Almost all charity shops sell on their unsold textiles (i.e. unfashionable, stained or damaged fabric) to textile processors. Each charity shop saves an average or 40 tonnes of textiles every year, by selling them in the shop, or passing them on to these textile merchants for recycling or reuse. This grosses to around 363,000 tonnes across all charity shops in the UK; based on 2010 landfill tax value at £48 per tonne, the value of textiles reused or passed for recycling by charity shops in terms of savings in landfill tax is £17,424,000 p.a.
Gift Aid is a UK tax incentive for individual donors where, subject to a signed declaration being held by the charity, income tax paid on donations can be reclaimed by the charity. Although initially intended only for cash donations, the scheme now (since 2006) allows tax on the income earned by charity shops acting as agent for the donor to be reclaimed. Sue Ryder Care was the first to 'Gift Aid' its donations with a pioneering new system developed with Eproductive Ltd.
Charity shops in the UK get mandatory 80% relief on business rates on their premises, which is funded by central government (not by local ratepayers) and is one illustration of their support for the charity sector and the role of charity shops in raising funds for charities. Charities can apply for discretionary relief on the remaining 20%, which is an occasional source of criticism from retailers which have to pay in full.
In Australia, major national opportunity shop chains include the St. Vincent de Paul Thrift Store (trading as Vinnies), the Salvation Army (trading as Salvos), the Red Cross, MS Australia, and the Brotherhood of St. Laurence. Many local charitable organisations, both religious and secular, run opportunity shops. Common among these are missions and animal shelters.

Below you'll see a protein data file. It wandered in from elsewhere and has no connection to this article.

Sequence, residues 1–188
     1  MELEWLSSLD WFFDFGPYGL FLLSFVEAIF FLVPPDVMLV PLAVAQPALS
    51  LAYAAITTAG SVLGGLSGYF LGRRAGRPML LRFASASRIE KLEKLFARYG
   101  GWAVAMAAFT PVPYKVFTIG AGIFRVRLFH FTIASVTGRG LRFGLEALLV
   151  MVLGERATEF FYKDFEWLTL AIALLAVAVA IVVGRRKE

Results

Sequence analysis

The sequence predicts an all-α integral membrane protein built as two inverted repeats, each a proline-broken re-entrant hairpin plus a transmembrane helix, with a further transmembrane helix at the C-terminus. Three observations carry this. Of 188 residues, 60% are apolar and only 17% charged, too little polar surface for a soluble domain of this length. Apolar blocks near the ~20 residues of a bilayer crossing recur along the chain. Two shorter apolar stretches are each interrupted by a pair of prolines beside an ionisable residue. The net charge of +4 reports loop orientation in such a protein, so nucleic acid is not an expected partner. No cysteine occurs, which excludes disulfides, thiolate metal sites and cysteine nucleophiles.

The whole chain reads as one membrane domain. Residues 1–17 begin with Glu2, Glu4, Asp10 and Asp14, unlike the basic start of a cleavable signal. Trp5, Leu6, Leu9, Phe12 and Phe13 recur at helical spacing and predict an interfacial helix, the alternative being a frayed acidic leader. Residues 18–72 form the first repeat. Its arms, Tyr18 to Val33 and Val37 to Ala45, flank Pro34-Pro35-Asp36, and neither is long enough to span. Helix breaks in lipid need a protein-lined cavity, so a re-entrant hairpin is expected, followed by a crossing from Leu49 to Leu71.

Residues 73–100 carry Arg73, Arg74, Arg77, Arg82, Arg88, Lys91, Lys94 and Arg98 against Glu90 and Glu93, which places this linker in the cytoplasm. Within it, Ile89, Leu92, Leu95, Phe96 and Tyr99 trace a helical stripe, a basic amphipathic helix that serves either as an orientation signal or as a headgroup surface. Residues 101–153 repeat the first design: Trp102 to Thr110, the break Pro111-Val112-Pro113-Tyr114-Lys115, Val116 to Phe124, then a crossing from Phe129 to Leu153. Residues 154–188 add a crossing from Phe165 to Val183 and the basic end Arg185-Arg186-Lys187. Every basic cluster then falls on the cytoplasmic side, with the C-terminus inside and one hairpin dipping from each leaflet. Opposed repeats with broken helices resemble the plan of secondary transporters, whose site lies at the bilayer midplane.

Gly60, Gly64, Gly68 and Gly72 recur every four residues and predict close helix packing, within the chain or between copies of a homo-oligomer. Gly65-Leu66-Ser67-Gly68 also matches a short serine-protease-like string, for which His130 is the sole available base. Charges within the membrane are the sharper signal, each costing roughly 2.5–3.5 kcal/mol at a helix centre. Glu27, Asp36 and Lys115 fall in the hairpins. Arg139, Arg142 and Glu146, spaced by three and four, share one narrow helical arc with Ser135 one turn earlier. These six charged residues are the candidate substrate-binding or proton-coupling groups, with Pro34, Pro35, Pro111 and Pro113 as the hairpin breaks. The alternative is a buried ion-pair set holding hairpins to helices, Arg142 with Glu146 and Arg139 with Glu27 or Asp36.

United States and Canada
In the United States, major national thrift shop operators include Arc Thrift Stores, Goodwill Industries, Salvation Army, St. Vincent de Paul Thrift Stores, ReStore (specializing in items commonly found in hardware stores; see Habitat for Humanity), and Value Village (see Savers). Regional operators include Deseret Industries in the Western United States, and those run by Bethesda Lutheran Communities in the Upper Midwest. Many local charitable organizations, both religious and secular, operate thrift shops. Common among these are missions, children's homes, homeless shelters, and animal shelters. In addition, some charity shops are operated by churches, and are fundraising venues that support activities including, in some cases, missionary activities in other countries. Several U.S. stores are for-profit, with the charity that collected the goods making money from the wholesale of those items to the store.